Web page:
What is a student to do with a grade or financial aid conflict? They can take it to the Ombuds’ office, which provides confidential mediation on campus. Located in 169 Cramer Hall, the office consists of John Wanjala, Ombuds person, and Sandy McDermott, assistant to the Ombuds.
“Ombud” is a Swedish noun meaning “representative”, but has become better known in English to mean a neutral third party, which is exactly what the Ombuds office is. It is not an office for formal complaints, but a confidential place where an issue of unfairness is worked out.
Wanjala said that Ombuds is important in the PSU community because “It is confidential. It is impartial. We’re neutral. We don’t take sides.” Ombuds is an office independent from all other offices on campus.
Ombuds handles mostly students, who make up 75 percent of their “customers” (the service is free), but is available to faculty and staff as well. The most common complaint has to do with petition processes. If the petition is denied, Ombuds can also help find a recourse. Another common situation is general miscommunication, especially conflicts between students and faculty or staff. Ombuds helps with issues from grade disputes to financial aid to reinstatement.
Amy Ross, executive assistant to the president of PSU, says that she makes many referrals, usually students, to the Ombuds’ office, because they help students understand their options. Students get overwhelmed especially with appeal processes, committees and forms. “That can be confusing for people,” Ross said. She emphasized that their work is very confidential, and was positive concerning the work that Ombuds does. “They are very good at getting people talking again, and keeping small problems small,” Ross said.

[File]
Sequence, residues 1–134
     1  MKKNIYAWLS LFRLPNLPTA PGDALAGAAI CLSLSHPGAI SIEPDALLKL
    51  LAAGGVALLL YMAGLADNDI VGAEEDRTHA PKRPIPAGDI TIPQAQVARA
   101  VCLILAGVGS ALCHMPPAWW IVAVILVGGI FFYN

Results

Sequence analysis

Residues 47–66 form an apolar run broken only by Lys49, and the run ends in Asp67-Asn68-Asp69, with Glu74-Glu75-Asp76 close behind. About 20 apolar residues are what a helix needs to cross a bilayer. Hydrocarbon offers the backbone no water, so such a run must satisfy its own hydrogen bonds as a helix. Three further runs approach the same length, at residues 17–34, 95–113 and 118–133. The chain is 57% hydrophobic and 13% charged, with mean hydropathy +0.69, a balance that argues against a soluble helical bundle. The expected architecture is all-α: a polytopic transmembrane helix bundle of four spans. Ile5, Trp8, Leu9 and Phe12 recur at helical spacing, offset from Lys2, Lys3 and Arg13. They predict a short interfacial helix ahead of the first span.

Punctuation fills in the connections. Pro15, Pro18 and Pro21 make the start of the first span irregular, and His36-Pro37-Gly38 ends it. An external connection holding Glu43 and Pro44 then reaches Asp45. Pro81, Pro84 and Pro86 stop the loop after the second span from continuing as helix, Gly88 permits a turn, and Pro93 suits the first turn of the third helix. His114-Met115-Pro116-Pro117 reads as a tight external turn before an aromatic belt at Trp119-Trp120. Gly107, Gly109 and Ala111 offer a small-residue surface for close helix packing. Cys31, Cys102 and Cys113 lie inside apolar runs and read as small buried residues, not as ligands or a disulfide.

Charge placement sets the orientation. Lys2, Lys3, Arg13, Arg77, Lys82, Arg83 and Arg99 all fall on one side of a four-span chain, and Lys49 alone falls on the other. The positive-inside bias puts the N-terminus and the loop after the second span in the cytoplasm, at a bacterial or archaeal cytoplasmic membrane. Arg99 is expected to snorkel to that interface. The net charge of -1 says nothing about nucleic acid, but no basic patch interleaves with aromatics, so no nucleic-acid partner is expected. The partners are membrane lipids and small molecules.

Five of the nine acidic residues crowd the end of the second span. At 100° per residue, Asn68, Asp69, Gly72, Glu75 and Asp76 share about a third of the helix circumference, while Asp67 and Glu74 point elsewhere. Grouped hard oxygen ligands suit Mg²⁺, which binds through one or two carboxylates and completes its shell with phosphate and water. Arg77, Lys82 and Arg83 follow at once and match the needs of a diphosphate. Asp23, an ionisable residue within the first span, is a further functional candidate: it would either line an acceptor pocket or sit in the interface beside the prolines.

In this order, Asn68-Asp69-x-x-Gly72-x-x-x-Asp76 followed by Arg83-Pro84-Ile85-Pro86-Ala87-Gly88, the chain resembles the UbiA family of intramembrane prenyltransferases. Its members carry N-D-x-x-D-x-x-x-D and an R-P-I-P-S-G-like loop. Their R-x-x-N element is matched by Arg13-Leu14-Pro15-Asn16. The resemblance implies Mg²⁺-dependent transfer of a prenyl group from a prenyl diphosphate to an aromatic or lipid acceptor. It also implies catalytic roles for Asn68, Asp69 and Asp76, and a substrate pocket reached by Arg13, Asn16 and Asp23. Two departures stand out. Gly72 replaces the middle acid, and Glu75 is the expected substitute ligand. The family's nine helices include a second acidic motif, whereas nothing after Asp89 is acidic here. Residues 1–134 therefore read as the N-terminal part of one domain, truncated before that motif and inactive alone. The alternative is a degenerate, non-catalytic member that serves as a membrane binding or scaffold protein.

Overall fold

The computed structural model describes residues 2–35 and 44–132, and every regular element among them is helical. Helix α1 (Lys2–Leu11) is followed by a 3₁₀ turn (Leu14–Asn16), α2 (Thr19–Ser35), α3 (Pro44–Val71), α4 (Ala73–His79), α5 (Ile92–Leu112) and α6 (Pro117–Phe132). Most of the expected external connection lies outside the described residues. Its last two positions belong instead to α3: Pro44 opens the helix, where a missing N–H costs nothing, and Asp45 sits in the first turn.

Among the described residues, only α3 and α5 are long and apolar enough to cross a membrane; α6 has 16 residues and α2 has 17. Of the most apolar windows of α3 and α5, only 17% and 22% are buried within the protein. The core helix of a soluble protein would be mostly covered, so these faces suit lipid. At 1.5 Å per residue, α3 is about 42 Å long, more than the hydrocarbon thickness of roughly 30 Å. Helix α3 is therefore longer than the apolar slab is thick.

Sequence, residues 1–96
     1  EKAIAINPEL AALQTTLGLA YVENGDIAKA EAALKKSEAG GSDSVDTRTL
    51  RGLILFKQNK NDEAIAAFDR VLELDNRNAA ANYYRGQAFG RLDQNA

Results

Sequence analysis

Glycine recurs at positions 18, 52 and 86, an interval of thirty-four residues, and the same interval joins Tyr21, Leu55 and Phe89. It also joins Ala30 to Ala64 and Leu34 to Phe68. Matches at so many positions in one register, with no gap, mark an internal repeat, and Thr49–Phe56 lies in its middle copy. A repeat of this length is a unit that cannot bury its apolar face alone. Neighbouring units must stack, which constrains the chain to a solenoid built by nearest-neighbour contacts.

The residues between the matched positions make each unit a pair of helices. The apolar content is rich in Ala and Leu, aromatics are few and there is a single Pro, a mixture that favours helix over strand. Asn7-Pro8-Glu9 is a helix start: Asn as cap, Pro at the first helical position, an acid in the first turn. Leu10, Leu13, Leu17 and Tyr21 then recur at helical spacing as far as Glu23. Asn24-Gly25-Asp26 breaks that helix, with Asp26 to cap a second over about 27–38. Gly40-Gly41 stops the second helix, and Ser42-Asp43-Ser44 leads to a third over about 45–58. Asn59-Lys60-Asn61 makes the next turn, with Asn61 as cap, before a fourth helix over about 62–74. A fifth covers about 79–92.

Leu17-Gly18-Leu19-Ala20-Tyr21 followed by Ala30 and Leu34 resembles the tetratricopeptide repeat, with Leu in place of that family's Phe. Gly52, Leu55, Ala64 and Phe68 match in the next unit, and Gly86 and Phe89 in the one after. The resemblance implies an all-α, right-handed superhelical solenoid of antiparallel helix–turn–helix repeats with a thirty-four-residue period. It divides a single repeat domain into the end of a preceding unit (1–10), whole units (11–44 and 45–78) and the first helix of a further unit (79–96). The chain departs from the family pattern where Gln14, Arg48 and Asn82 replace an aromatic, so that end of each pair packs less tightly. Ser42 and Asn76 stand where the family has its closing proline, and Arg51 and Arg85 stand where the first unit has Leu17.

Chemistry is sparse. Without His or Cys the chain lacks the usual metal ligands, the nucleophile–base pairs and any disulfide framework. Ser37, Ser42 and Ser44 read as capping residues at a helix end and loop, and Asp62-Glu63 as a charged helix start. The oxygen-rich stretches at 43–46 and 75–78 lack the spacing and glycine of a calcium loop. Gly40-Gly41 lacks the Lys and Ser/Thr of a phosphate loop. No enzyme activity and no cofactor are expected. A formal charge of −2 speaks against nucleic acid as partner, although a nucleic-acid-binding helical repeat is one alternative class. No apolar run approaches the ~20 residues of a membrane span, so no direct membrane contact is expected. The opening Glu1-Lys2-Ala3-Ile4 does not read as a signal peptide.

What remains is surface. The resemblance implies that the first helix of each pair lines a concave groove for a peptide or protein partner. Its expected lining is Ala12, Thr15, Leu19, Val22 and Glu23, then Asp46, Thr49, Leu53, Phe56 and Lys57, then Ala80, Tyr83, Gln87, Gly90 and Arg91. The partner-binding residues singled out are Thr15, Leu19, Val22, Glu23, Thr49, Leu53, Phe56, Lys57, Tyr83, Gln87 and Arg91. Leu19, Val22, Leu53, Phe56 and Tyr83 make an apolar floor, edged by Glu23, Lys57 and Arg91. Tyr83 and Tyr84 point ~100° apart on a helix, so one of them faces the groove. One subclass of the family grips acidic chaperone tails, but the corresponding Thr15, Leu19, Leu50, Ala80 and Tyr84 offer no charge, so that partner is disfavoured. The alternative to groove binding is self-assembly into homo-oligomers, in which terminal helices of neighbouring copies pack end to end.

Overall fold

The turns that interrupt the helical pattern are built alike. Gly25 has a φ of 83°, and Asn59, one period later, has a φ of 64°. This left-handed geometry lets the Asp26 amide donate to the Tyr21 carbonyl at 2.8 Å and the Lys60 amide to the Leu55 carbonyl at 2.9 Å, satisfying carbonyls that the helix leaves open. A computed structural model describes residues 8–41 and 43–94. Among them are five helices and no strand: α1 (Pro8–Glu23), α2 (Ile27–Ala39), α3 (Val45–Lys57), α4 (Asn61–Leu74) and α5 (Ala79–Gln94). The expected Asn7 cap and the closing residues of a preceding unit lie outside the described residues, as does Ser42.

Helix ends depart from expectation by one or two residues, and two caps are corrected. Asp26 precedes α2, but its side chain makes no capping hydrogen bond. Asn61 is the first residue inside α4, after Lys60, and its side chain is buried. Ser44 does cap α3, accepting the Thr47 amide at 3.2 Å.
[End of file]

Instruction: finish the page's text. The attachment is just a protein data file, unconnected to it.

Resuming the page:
Wanjala likes to say that at Ombuds can help anyone “move on.” He said that many people get sent with their issue from one office to another, and they end up going around in circles. According to Wanjala, “No issue is too small” for them to help at Ombuds.
Any student can call in to make an appointment (they accept walk-ins, but they may be out on a case).
After explaining the problem, Ombuds will ask the student how they want to resolve it. They will contact the other party, if necessary, though they will first suggest that the student do so personally. They will develop options and go over them so that the student can choose one that will be most beneficial. Ombuds can even set up mediation between the two parties with a representative present.
McDermott said that “Even though we are not a formal report office, we will follow up on complaints the best we can.” They advocate fairness, not an individual or group.The Ombuds’ phone number is 503-725-5901, and their Web site address is http://www.ess.pdx/omb/.